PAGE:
All the while, I kept checking back in with LITTLE PEARLS, adding bits and pieces to my semi-autobiographical comedic masterpiece,[NOT!] editing it to within an inch of its life. This work, no matter how strange or discombobulated [use "discombobulated" in a sentence - CHECK!] started me on my "professional" writing journey. [If you're ever sneaking through my computer files, promise you won't read it. If you do, you'll be sorry. That's all I'm going to say.] [Threatening people on the internet is a federal crime. Of course, so is sneaking through other peoples' computer files. Think about it.]

Along the way, I had my moments. I sent my first queries in 2002. The next time you're drunk, text me and I'll send you one of these queries. You. Will. Not. Be. Able. To. Stop. Laughing. [Not sure why I wrote that last sentence in separate words. Must be my muse's fault.] In fact, it might kill you. You think, "I died laughing" is just a phrase? That's because you've never read one of my original queries. [It will kill you, and it won't be pretty. It'll be funny, but not pretty.]

A bigger publishing thrill happened [on the way to the Forum] when I met Daniel Handler, aka Lemony Snicket, at a charity event. I have pictures, but I'm afraid if I publish them, he'll sue me. I thought it might be my big break. Instead, I created my own Series of Unfortunate Events.

Like an idiot, I handed him my incoherent manuscript in all it's incoherent glory. [Did I mention it was incoherent?] He sent me a thank you card, no doubt after having the biggest belly-laugh of his life [and he's friends with Jim Carrey, so that's saying something]. Because, trust me when I say, the full ms was like, ohmygod, a bazillion times funnier than the query and, like I said, reading the query, you could easily die laughing. [Um, yeah, I think we've covered that.] Shockingly, nothing ever came of it. If I ever meet him again, I'll wear dark sunglasses and say my name is Cecelia Fernandez. [He must never know it was me. Never, do you hear me, never!]

The good news is, all that work on LITTLE PEARLS eventually resulted in my completing three non-discombobulated [use "non-discombobulated" in a sentence - CHECK!] novels and work on two more. Now, I'm moving forward in my quest for publication. I'm excited, nervous, and even a bit proud. [Pats self on back.]

After all, moving confidently in the direction of your dreams is a big part of what makes life kick some serious bootay.

[Thanks, H.D. Thoreau. I couldn't have said it better myself.]

Thursday, April 1, 2010

What Do You Stand For?

My soon to be 21-year-old son just got his first tattoo. He's been dreaming of it and planning for it for a couple of years now. He's a musician, like his parents, so he wanted it to be music-related. He's also a self-proclaimed "Peace Punk" a punk rocker who is all about non-violence. (Didn't know there was such a thing, did you?) Picture Kumbaya performed by the Sex Pistols. (FYI: His band, Combat Crisis, are huge in the Philly area. Google them. You'll be amazed how much comes up. My baby, Adam, is the drummer.)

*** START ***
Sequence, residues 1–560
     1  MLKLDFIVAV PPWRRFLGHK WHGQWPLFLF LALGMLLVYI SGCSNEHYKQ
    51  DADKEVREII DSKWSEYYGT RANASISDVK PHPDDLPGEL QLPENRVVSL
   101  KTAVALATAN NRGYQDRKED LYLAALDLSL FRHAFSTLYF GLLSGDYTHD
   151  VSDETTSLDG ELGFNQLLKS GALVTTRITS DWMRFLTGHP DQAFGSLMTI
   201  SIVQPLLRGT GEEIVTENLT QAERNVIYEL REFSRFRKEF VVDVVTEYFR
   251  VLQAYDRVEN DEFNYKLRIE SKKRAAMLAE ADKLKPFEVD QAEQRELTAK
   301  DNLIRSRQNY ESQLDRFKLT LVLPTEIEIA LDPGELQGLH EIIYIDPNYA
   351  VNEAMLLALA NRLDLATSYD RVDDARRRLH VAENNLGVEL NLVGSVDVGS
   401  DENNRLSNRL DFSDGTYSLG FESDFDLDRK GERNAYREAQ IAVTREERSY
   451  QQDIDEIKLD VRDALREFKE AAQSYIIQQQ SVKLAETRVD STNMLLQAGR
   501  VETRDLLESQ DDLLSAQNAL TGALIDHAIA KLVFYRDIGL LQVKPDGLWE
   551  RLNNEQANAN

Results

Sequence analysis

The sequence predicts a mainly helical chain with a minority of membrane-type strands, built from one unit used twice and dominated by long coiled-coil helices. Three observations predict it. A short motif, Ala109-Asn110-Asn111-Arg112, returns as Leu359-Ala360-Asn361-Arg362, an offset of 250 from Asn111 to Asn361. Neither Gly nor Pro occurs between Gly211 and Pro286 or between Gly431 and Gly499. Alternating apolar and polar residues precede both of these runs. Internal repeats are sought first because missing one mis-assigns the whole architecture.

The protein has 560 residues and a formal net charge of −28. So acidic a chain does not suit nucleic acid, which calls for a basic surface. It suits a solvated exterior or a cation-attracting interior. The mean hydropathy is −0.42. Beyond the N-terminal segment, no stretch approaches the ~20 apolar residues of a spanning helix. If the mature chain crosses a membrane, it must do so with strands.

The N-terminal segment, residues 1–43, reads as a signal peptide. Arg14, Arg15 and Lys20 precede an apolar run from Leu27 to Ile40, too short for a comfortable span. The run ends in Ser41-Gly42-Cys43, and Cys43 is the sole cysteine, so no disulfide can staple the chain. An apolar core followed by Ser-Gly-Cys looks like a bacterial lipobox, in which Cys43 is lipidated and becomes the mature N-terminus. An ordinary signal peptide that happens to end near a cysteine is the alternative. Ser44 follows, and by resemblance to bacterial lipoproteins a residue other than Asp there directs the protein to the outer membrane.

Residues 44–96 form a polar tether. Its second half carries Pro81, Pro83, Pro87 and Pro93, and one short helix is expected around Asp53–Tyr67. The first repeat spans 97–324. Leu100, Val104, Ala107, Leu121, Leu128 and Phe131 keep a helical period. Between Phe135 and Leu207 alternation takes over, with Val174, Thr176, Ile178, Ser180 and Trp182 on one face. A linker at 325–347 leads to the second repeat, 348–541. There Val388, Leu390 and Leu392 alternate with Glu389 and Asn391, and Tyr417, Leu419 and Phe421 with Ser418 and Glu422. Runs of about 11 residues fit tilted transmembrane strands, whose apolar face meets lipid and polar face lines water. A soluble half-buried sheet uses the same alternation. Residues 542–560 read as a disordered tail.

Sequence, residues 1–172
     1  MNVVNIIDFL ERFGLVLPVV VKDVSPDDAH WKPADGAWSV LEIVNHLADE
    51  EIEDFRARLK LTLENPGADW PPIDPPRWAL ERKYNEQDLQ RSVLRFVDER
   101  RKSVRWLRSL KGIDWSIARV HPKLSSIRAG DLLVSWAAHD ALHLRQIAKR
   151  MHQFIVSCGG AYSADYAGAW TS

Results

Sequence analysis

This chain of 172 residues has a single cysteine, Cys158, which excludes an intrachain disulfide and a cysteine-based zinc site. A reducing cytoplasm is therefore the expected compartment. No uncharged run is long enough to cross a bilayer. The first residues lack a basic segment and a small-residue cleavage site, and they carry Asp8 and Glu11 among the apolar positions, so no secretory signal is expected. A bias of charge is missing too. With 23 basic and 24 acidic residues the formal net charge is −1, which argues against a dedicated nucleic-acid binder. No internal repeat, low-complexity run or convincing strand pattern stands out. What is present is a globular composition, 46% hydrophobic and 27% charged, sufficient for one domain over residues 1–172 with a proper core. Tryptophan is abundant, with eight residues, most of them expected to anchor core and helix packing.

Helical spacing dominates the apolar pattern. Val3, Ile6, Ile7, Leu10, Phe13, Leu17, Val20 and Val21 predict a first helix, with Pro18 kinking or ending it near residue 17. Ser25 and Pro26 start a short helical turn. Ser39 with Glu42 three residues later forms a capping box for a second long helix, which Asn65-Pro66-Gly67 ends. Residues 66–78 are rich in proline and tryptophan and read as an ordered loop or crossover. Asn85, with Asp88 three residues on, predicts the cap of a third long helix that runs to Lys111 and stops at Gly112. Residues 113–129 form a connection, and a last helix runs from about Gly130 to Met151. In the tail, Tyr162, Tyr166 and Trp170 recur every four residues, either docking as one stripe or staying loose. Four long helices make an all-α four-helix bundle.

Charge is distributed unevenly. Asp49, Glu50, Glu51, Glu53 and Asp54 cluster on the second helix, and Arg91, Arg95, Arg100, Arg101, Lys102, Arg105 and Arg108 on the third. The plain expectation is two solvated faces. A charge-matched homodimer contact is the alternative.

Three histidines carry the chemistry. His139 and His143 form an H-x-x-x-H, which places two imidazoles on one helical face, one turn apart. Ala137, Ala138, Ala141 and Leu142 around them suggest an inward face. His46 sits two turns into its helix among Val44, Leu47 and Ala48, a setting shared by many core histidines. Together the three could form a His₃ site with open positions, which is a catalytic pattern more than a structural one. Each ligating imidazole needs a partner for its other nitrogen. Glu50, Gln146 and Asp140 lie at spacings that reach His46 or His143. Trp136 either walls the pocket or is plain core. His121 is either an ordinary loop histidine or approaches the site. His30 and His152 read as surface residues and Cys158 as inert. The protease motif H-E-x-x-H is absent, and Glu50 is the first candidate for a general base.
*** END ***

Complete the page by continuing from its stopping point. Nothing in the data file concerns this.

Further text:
Here's a picture of his new tat: In a couple of weeks, there will be color added, but I think you get the picture. The text? "I will not fight your battles, I will not die on your battlefields," lyrics from the peace-punk band, Anti-Flag.

This got me thinking. What do I stand for as a writer and as a person? I like to believe I stand for peace, honesty, integrity, harmony, charity, and great shoes, but do I really? Do my actions meet up with my tenets? Do I walk the talk? (My shoe collection screams, "Yes!")

As far as my writing goes, I weave greater meanings into my intimate stories: What goes around comes around; treat people how you like to be treated; forgiveness; being human means making mistakes, growing, and moving on. Messages of hope and humanity, peace and love. (Yes, I'll always be a hippie at heart.)

As far as what I stand for in life, I'm all about truth, justice, peace, compassion, family, and letting people live their lives as they see fit. I contribute monthly to my favorite charities and give huge bags of clothing to Goodwill, but I don't go to the soup kitchen or participate in the Race for the Cure (my mom's a breast cancer survivor). I interrupt someone if I hear an off-color joke, but I don't give my time to mentor an underprivileged child. Is being kind, writing checks, and using less electricity and water enough? Are those actions letting the Universe know what I stand for? Are they making a difference in the world?

From this point forward, I'm upping my game. I'll look for opportunities and take them, rather than thinking my plate is full. When I publish this post, I'll find a charity I like and volunteer my time. Writing those words sent shivers up my arms. Why? Because I'm comfortable. Very comfortable. But, you know what? I'm going to break out of my comfort zone in order to make a difference in what I stand for.

So, what about you? What do you stand for? What would you be willing to literally or theoretically tattoo on your arm?

Like Button